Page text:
# Operators

The following operators are supported:

• a + b
The return value is the addition of both operands a and b.
• a - b
The return value is the subtraction of operand b from operand a.
• a * b
The return value is the multiplication of operand b from operand a.
• a / b
The return value is the division of operand a by operand b.
• Note: If b is 0, the expression will raise an exception
• Note: By default, if both operands are integers, and the division has no remainder, the result will be an integer as well.
However, if the division does have a remainder, the result will be promoted to decimal instead. You can turn off this behaviour using the Preferences dialog, option Integer division can promote operands to decimal, which will result in "standard computer behaviour"
• a % b
The return value is the remainder of operand a divided by operand b
• Note: If b is 0, the expression will raise an exception
• Note: Modulo is defined for integers only. If one or both of the operands are decimals, they will be converted to integer values before the operation proceeds. This also means that the result of this operation will always be an integer.
• a ** b or a ^ b
The return value is the a to the power of b.
• Note: If both operands are integers, but the exponent is negative, the result will be promoted to decimal.
• Note: The maximum exponent value is specified in the preferences. By default, this is 1.000.000, which will result in an integer of over 300.000 digits.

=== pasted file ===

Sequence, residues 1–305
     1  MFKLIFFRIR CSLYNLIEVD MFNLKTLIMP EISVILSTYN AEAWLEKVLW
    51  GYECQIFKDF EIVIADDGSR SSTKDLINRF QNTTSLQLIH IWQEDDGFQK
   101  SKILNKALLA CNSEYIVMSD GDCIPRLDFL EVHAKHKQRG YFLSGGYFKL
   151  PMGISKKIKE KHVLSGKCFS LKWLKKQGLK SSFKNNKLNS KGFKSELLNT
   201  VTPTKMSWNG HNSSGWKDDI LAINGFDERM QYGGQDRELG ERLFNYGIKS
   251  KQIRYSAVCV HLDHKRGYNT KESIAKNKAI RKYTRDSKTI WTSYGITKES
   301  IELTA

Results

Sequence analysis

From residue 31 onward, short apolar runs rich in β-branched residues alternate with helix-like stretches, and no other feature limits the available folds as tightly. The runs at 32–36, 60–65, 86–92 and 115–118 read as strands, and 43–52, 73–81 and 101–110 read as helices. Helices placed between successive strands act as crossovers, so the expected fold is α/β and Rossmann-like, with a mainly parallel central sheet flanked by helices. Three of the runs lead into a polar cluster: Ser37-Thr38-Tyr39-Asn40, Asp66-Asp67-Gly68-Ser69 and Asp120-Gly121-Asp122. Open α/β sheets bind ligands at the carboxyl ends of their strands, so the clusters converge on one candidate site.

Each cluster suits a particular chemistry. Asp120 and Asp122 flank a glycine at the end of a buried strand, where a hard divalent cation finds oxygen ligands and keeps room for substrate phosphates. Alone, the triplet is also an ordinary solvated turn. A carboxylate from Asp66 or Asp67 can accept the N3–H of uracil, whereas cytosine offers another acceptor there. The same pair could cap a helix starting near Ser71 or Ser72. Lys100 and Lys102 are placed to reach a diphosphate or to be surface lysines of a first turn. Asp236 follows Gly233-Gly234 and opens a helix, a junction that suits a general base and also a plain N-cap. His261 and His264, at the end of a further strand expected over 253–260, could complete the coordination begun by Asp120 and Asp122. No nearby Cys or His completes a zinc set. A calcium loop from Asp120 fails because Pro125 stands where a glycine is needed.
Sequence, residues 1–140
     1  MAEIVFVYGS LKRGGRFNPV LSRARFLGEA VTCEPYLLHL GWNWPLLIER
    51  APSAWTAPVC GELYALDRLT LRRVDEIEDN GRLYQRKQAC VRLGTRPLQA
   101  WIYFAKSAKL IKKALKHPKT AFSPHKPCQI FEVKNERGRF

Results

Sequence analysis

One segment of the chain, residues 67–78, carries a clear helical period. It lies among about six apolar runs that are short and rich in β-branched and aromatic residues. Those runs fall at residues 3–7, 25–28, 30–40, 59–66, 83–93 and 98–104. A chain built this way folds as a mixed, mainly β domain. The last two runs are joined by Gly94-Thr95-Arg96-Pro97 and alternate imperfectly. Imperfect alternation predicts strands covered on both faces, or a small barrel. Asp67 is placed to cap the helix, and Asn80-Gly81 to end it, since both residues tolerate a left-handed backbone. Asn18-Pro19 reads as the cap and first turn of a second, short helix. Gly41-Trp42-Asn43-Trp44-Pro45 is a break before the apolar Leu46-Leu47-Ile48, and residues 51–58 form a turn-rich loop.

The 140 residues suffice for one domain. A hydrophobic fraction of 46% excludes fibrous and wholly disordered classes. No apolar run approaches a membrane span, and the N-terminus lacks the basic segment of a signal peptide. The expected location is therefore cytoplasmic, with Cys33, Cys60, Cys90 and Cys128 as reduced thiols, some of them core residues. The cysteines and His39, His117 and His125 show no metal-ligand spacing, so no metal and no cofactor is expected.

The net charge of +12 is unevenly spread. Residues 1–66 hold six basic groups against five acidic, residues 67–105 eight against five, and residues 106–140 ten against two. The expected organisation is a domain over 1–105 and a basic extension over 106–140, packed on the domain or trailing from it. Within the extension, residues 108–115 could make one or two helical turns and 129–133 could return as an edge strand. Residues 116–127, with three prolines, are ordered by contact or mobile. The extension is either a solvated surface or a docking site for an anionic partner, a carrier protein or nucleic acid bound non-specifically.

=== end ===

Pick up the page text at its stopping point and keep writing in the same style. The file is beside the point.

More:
• a!
Return the factorial of a.
• Note: This operation is defined for integers only, so an input decimal will be demoted to integer.
• | a |
Return the absolute value of a.
• a << b
Return a shifted left by b bits.
• Note: This operation is defined for integers only, so both operands will be demoted to integer.
• a >> b
Return a shifted right by b bits.
• Note: This operation is defined for integers only, so both operands will be demoted to integer.
• a == b
Return True if a equals b, or False otherwise
• a <> b
Return True if a does not equal b, or False otherwise
• a <= b
Return True if a is less than or equal b, or False otherwise
• a >= b
Return True if a is greater than or equal b, or False otherwise
• a < b
Return True if a is less than b, or False otherwise
• a > b
Return True if a is greater than b, or False otherwise

## Operator Precedence

The following operator precedence levels are supported (ordered from highest binding to lowest):

1. ( expression )
2. a ! and - a
3. a >> b and a << b
4. a ** b
5. a * b, a / b and a % b
6. a + b and a - b
7. a == b, a <> b, a <= b, a >= b, a < b, a > b

Basically, what this means is that the usual mathematical rules apply: expressions in brackets have highest precedence, + and - has a lower precedence than * and /

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